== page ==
As the next Forum on China-Africa Cooperation (FOCAC) draws closer, the same sentiments and concerns over Africa’s relative position in the 20-year-old arrangement keep coming up.
It is widely acknowledged that the continent generally gets the short end of the stick in its relationship with China. For as many years, experts, scholars and commentators have called on African leaders to assert greater African agency through taking a common African position on China and using collective bargaining to influence the summit’s outcomes to their advantage.
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The latest calls came in an op-ed by Gyude Moore, a senior policy fellow at the Center for Global Development and a recent report by Development Reimagined, an African-led international development consultancy in Beijing.
However, is it realistic to hope for a collective African agenda on China, particularly at the upcoming FOCAC meeting? I don’t think so.
First, I fear that African governments have not developed the capacity to coordinate and administer national, regional, and continental interests. Our leaders are too invested in national politics and personal interests to care much about continental priorities. While FOCAC is touted as a collective multilateral forum between China and African countries, the fact is that most African leaders attend in their individual capacities with national priorities and sometimes personal objectives. It is no wonder then that discussions are held multilaterally but implemented bilaterally, which of course suits China.
The AU, which is supposed to promote Africa’s collective agenda, also remains very weak because it cannot impose directives on sovereign states. This severely constrains its ability to integrate competing interests and spearhead a common front.
Second, there is no unity of purpose due to the fact that many African states are sharply divided along political, geographical, religious, and ethnic lines and owe allegiance to far too many regional and international groupings with varying policies and priorities.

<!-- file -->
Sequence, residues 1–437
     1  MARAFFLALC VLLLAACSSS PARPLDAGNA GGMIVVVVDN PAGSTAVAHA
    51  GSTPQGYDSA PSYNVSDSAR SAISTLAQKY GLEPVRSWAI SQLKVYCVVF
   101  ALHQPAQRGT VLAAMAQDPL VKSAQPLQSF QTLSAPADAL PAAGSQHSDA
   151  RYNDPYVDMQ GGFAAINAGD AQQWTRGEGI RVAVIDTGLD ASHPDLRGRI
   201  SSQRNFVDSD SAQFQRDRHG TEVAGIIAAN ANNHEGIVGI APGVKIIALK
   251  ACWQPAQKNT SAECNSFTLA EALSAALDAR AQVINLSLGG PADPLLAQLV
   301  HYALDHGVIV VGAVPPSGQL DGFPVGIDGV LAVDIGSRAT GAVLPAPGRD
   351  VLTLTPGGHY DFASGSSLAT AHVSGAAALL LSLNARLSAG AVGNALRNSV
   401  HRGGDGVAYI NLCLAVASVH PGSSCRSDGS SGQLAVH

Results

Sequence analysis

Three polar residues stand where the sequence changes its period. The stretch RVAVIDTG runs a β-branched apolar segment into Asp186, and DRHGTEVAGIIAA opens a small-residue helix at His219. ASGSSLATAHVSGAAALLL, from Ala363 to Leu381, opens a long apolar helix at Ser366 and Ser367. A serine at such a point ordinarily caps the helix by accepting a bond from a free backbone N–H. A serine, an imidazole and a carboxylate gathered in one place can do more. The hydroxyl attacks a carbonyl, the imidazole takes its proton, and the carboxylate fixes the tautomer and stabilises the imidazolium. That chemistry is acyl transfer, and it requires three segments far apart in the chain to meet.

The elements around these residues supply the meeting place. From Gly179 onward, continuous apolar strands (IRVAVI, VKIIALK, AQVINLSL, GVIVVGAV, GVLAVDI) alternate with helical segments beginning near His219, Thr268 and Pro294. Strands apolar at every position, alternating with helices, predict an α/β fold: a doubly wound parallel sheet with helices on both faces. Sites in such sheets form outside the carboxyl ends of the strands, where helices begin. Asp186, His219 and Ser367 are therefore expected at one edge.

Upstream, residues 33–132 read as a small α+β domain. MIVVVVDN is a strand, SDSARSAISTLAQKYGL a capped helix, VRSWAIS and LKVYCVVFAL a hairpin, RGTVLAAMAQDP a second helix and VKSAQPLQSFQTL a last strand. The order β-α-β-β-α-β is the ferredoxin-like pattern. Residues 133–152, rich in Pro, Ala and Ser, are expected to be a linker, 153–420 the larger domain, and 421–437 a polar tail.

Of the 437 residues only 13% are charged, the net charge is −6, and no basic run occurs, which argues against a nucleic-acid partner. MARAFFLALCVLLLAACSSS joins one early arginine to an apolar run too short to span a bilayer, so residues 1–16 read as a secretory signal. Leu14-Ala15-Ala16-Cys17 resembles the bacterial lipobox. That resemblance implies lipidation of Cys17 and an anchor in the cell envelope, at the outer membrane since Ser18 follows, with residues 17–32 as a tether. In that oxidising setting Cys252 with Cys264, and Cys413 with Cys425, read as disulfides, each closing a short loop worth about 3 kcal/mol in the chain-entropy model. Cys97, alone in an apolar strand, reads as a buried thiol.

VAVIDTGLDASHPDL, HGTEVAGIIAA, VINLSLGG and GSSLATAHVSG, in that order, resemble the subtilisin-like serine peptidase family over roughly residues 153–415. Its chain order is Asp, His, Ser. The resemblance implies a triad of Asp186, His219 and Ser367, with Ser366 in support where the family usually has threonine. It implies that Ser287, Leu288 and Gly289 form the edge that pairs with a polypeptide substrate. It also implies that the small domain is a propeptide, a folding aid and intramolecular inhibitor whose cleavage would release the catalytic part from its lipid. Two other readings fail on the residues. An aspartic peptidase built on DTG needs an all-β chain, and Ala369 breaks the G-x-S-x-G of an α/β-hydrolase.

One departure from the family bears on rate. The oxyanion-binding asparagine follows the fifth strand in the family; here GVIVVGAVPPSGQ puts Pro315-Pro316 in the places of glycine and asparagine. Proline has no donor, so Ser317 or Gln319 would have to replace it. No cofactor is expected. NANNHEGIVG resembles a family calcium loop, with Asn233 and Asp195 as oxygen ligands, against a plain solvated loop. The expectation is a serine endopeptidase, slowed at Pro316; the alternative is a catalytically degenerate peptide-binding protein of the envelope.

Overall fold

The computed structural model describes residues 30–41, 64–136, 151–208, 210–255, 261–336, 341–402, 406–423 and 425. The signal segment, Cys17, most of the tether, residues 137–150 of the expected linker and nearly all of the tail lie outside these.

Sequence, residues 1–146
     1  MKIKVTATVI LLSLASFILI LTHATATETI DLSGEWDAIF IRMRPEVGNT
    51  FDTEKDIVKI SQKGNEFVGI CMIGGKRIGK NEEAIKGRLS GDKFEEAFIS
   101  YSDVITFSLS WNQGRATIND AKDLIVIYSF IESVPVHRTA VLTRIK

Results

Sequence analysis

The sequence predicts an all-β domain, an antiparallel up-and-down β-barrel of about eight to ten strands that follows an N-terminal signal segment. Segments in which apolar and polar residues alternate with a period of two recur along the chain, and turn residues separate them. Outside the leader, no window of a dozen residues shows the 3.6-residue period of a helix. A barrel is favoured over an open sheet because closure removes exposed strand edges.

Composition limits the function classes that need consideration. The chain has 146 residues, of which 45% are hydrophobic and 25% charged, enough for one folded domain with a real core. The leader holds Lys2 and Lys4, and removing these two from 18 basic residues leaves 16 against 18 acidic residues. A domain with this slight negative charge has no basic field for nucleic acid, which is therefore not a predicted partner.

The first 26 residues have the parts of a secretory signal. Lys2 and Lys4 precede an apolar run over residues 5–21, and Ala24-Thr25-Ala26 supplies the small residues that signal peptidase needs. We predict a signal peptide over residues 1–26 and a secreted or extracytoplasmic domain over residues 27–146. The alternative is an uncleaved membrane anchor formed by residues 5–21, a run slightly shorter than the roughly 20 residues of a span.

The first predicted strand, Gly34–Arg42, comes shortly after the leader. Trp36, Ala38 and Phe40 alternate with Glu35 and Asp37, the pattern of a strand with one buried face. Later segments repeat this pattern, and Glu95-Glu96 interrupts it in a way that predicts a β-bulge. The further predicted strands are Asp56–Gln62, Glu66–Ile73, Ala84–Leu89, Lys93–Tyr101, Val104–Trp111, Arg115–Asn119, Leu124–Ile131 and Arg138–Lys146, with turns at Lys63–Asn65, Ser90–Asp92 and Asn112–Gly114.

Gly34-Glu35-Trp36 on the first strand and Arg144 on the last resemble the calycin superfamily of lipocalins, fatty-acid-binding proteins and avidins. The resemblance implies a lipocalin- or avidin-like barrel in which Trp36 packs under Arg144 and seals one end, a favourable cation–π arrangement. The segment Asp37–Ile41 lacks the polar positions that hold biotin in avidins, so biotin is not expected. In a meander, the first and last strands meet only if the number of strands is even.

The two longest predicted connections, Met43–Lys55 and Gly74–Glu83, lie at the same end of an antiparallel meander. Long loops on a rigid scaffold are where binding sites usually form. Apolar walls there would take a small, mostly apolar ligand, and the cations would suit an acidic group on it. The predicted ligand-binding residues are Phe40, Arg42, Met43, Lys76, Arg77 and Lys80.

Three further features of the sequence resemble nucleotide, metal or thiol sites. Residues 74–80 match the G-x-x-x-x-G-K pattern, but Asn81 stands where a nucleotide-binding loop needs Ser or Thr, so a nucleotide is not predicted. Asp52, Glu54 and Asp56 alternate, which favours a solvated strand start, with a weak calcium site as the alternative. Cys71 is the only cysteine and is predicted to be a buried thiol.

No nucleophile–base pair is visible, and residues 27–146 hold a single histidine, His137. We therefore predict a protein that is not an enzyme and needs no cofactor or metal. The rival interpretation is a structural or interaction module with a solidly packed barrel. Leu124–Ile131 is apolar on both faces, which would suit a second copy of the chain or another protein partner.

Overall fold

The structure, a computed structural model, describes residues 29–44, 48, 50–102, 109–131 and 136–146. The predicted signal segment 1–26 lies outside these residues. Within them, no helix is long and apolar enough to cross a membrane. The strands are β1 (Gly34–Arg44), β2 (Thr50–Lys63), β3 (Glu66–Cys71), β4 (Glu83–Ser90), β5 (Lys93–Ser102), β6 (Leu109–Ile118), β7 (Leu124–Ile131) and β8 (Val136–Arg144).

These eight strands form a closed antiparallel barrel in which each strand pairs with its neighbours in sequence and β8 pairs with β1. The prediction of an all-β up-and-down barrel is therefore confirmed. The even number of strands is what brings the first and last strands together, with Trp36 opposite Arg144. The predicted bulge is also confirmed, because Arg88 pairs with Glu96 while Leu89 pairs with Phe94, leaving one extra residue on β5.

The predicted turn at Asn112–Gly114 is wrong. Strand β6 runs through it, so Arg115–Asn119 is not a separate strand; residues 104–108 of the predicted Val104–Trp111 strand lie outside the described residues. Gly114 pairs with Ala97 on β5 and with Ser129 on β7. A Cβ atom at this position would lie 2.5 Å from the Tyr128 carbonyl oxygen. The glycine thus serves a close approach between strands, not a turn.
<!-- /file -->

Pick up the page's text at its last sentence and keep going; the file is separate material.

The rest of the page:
We have sub-Saharan Africa, North Africa under the Middle East and North Africa (MENA) region and several regional economic communities (RECs) often with overlapping memberships and allegiances complicating Africa’s collective bargaining. For example, Sudan, Algeria, and Libya are members of the AU and the Arab League at the same time. The South African Customs Union (SACU) shares twelve members with SADC. The DRC belongs to five RECs while Burundi and Kenya belong to four.
While regional organizations and economic communities are touted as foundations of African unity, they have been counterproductive due to divergent trade norms and practices, differing roles and structures, and a general lack of capacity to rein in members who play each organization depending on where their individual economic interests lie. They have been unable to eliminate trade and tariff barriers and harmonize economic policies.
The African Continental Free Trade Area (AfCFTA) is a positive step towards harmonizing Africa’s policies and interests. Yet Nigeria’s reluctance to sign up at the beginning suggests that there are still issues to be addressed in terms of how to turn competition into cooperation at the continental level. Kenya’s plans to sign a bilateral Free Trade Agreement (FTA) with the United States doesn’t augur well for the East African community’s collective bargaining strategy. Mauritius’ FTA with China is a similar vote of no confidence.
These glaring challenges suggest that Africa may not yet be ready to act as a single unit executing a common agenda. We must therefore put our house in order before we can even think about a collective agenda towards China.
Only a commitment towards African unity and proper coordination of competing interests at the continental level will signal the capacity to forge a common front towards China. AfCFTA is an important step towards that goal and its prominence on this year’s FOCAC agenda will hopefully set the stage for a more assertive, unified, African voice at the next FOCAC summit.
This article was first published in The China-Africa Project.
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